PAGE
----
In August 2009 I was having a bit of a weird time. I had broken up with my girlfriend back in April (halfway through a holiday travelling around Eastern Europe - you don't want to be depressed in Romania...) and had a strange few months with lots of amazing highs but incredible lows. I had walked out on my job which would have guaranteed remaining in the UK through a sponsored visa, thus left Hertfordshire and moved to London. I was living on people's couches, drinking a lot, partying hard, doing amazing things yet hating every moment of it.
Towards the end of that month I had come back from the Sarajevo Film Festival. It had been a fantastic week, but when touching down at Gatwick airport I felt at a crossroads. I had answered an email about potentially writing for online magazine Low Rise, and they liked my writing, yet they wanted me to offer up something current (other than an album review) before considering my application. I hadn't been to a live show in months (Dan Deacon and Future Islands in May at ULU) and hadn't really been interested either. A cursory look in Time Out, and I saw my opportunity. Magnolia Electric Co. were playing at Bush Hall. It was a miserable night weather wise - which being London and all shouldn't have been a surprise - but as soon as Jason Molina and his merry men hit the stage, it was like an epiphany, a dream come true.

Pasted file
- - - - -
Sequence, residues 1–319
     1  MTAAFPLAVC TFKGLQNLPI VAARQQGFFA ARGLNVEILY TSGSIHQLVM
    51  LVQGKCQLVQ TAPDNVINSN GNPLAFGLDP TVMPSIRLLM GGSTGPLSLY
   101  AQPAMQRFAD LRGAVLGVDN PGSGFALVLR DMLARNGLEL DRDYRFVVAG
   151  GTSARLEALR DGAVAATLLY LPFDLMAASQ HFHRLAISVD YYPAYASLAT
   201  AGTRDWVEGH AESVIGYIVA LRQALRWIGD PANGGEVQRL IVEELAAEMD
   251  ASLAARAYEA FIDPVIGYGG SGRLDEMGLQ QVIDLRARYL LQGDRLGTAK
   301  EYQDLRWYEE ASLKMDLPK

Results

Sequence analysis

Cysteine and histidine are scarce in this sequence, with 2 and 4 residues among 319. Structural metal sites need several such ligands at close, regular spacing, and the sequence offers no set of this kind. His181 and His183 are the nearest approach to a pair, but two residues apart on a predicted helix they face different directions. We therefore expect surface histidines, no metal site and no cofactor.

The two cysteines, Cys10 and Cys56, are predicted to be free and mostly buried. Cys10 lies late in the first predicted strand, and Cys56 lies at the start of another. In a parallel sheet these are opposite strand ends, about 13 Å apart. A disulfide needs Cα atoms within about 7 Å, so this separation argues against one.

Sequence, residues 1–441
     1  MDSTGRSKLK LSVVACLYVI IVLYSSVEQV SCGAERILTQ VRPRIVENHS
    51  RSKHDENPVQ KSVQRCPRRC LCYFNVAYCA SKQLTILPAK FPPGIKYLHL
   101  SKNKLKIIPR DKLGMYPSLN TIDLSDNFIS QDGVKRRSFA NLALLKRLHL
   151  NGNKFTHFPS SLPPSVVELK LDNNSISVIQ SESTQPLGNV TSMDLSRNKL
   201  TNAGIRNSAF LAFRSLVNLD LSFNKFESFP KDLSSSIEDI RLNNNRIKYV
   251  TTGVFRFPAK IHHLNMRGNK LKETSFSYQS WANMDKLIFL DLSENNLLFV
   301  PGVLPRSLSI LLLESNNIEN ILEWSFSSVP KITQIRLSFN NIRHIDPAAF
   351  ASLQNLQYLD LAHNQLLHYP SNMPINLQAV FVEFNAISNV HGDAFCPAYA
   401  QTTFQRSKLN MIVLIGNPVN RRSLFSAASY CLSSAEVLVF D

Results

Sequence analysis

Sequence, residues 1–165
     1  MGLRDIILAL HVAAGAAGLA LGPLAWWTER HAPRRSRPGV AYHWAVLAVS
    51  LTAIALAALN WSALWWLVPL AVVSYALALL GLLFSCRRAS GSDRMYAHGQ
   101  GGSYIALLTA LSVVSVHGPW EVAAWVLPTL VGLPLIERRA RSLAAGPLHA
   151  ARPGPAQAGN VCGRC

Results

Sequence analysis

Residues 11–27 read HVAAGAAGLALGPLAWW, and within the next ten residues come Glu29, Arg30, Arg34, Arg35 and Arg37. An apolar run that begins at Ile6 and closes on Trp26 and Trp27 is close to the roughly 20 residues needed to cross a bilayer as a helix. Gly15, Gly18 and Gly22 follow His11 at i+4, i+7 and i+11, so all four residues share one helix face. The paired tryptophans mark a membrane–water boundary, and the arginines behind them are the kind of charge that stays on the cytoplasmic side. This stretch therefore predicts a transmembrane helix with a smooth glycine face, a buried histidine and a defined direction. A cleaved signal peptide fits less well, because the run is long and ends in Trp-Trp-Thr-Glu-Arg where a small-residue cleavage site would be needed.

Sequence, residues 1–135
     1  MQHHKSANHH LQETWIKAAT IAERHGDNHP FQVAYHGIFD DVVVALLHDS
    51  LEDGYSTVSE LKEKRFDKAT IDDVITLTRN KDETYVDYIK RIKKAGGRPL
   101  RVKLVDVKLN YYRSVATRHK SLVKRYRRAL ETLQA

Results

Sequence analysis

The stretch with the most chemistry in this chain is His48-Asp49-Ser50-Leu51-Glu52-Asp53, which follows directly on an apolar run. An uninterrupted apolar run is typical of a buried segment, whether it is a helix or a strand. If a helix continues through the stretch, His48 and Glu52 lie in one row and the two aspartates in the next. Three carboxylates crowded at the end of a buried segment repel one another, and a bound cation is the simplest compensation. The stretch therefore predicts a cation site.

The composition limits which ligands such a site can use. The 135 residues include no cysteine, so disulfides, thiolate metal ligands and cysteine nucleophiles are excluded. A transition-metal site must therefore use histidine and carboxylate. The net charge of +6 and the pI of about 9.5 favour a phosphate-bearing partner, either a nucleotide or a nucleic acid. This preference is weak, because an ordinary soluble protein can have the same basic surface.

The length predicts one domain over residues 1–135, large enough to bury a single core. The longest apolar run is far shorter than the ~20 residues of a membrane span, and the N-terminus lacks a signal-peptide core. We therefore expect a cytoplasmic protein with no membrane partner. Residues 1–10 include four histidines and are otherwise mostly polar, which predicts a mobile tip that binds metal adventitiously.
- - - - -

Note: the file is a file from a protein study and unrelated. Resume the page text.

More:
Without going into details of that night, my review was in the magazine the following month and it was my first step in the right direction with a lot of things. Therefore the news that Molina succumbed to organ failure due to alcohol abuse this weekend at the age of 39, whilst not that much of a surprise (he has been fighting a losing battle for the past year), it is completely gut-wrenching. I wasn't prepared for the level of sadness that the news brought over me. The world has lost a true talent, a master of the written word, a troubadour of the ages. Not everyone I know who loves his music had the same connection as I did, but all were touched.
Jason, you will be sorely missed.